Rep. Stutes moves for disaster declaration for pink salmon
Rep. Stutes moves for disaster declaration for pink salmon
Wheels are already in motion to provide two measures of relief for Alaska’s pink salmon industry, which is reeling from the lowest harvest since the late 1970s.
Rep. Louise Stutes, R-Kodiak, began the process last week to have the Walker Administration declare the pink salmon season a disaster, which would allow access to federal relief funds.
Pinks are Alaska’s highest volume salmon fishery and hundreds of fishermen depend on the fish to boost their overall catches and paychecks. So far the statewide harvest has reached just 36 million humpies out of a preseason forecast of 90 million. That compares to a catch of 190 million pinks last summer.
“This is the worst salmon year in nearly 40 years, and that’s huge,” she said. “It doesn’t just affect the fishermen; it’s a trickle-down effect on the cannery workers, the processors, and nearly all businesses in the community. It’s a disaster, there’s no other way to describe it.”
Stutes, who chairs the House fisheries committee and is known as a straight talker, said she has gotten very positive response from the state Department of Commerce, Community and Economic Development.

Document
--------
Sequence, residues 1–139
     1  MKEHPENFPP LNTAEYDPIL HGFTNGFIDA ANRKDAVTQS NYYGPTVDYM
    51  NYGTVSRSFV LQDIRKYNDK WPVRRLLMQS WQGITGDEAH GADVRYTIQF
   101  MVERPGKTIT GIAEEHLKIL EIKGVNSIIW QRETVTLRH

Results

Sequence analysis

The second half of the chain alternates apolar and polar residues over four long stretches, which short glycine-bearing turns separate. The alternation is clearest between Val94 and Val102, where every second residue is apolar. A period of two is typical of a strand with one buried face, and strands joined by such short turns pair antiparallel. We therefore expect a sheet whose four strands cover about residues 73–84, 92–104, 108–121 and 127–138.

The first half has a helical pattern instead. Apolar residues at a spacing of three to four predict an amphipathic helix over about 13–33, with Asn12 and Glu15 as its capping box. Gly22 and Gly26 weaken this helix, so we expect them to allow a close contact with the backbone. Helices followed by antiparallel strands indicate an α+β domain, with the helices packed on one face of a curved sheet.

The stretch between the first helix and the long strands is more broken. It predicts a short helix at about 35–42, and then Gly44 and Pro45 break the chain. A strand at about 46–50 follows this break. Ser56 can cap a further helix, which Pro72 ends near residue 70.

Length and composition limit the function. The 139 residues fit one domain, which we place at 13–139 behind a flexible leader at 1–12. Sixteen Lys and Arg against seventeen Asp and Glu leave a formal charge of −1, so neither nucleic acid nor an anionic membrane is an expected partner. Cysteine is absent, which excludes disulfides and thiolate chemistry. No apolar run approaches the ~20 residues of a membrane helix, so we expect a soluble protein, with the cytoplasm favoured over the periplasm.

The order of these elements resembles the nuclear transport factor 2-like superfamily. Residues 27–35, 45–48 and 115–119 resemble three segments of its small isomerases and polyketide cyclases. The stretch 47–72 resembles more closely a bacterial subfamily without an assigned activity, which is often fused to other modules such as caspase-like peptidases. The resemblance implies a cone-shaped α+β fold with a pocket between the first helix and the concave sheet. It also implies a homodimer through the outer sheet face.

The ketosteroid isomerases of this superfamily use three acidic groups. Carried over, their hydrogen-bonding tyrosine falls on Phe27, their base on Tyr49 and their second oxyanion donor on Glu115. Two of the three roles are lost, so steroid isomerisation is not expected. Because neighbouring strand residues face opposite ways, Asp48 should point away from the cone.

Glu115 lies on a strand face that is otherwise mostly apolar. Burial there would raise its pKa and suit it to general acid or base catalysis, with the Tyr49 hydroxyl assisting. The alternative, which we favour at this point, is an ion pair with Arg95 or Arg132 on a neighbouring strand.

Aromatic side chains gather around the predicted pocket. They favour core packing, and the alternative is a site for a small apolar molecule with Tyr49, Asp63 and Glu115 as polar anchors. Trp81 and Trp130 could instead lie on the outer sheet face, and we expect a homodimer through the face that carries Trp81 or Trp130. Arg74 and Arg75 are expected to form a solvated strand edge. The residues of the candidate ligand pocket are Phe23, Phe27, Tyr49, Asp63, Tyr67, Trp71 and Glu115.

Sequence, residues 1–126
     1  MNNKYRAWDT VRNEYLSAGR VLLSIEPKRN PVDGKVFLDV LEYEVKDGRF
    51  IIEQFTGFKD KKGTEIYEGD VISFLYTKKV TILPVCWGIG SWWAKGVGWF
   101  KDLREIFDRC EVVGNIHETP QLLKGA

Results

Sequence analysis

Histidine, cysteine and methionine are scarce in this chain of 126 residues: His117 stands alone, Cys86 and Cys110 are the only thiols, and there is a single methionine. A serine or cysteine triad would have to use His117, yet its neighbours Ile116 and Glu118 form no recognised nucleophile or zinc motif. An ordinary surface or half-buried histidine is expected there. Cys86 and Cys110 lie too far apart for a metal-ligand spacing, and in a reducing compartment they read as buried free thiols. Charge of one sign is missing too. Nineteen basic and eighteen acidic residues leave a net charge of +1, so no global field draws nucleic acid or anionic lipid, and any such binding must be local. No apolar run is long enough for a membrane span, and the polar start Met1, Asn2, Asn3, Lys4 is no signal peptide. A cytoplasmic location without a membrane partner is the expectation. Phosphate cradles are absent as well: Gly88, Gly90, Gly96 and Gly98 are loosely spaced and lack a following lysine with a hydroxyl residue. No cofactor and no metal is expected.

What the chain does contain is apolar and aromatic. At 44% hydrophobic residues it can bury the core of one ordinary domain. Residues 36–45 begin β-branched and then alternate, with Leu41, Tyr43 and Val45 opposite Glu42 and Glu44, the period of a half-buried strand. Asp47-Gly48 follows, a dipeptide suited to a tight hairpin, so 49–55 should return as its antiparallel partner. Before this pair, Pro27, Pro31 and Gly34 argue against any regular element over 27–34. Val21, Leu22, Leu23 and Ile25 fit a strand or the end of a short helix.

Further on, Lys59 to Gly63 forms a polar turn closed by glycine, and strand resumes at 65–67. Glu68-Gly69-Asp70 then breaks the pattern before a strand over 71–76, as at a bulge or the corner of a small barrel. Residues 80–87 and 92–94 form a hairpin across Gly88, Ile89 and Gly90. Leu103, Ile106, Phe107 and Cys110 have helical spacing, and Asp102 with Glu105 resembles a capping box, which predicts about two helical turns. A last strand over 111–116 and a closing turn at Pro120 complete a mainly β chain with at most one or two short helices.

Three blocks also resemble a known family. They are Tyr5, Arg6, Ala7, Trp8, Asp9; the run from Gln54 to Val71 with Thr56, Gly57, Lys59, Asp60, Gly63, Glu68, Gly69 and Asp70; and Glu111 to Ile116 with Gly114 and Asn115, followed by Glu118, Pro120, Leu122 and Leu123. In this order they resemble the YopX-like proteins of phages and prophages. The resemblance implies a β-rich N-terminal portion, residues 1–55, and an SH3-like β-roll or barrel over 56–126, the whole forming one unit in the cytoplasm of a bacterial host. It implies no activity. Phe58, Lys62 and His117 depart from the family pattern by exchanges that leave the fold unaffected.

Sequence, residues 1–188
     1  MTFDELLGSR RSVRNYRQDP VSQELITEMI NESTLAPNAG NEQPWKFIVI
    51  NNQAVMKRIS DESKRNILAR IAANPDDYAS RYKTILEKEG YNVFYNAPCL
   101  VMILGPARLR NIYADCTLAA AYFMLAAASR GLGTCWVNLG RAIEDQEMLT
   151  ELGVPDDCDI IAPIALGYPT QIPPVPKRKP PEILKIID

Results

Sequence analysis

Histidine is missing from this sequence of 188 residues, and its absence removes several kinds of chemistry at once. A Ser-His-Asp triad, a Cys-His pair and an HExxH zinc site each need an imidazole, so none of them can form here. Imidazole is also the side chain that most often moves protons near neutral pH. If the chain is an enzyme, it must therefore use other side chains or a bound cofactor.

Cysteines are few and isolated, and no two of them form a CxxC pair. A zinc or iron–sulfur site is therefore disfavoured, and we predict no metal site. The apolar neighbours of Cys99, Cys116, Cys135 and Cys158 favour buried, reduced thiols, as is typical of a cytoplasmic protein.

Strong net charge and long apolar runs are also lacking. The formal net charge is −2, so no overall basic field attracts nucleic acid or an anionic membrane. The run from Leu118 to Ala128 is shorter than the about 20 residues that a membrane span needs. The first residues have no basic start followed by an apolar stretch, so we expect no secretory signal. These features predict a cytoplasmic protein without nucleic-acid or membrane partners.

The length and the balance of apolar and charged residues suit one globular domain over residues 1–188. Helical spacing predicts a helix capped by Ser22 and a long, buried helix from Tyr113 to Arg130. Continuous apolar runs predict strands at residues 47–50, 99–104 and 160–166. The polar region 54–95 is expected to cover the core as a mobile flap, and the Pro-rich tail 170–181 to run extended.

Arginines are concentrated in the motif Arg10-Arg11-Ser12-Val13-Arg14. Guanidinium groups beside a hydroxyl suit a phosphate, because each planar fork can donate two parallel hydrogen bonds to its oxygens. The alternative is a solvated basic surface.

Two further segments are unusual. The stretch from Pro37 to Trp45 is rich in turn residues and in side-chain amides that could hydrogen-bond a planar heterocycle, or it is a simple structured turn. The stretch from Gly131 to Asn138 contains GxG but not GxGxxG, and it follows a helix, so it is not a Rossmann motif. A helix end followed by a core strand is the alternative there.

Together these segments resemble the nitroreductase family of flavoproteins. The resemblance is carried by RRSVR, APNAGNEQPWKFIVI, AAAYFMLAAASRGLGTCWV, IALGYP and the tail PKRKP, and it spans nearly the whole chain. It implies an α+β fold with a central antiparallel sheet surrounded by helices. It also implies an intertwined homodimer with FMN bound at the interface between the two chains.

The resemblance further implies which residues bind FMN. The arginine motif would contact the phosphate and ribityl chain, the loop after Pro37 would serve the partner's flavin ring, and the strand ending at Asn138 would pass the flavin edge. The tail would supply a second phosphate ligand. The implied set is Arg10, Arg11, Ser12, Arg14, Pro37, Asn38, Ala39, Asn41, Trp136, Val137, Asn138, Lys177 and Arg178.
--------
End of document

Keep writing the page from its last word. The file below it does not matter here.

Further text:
“They are on it and already moving forward,” Stutes said.
At the same time, she is working with the Division of Investments to allow a “blanket pardon” of state-funded fishermen’s loan payments for this year.
“This would not be a forgiveness, but would add this year’s payment onto the end of the loan period and forgive the loan payment just for this year,” she explained.
The disaster declaration and the loan suspensions “go hand in hand,” Stutes said, “but don’t depend on each other.”
While visiting constituents in Kodiak, Cordova and Yakutat, Stutes said that “literally people are in fear about making mortgage payments and paying their bills. They can’t claim unemployment because they are still employed. There is just no work.”
By week’s end she was awaiting word from Lt. Gov. Byron Mallott, who is the Administration’s fishery “point person,” to take the ball and run with it.
But Stutes said the process has already begun and her job is to make sure it keeps moving.
“I’m a squeaky wheel and this is crucial to the resident workers and to people in so many communities. I’ll keep the pressure on so things will move quickly,” she said.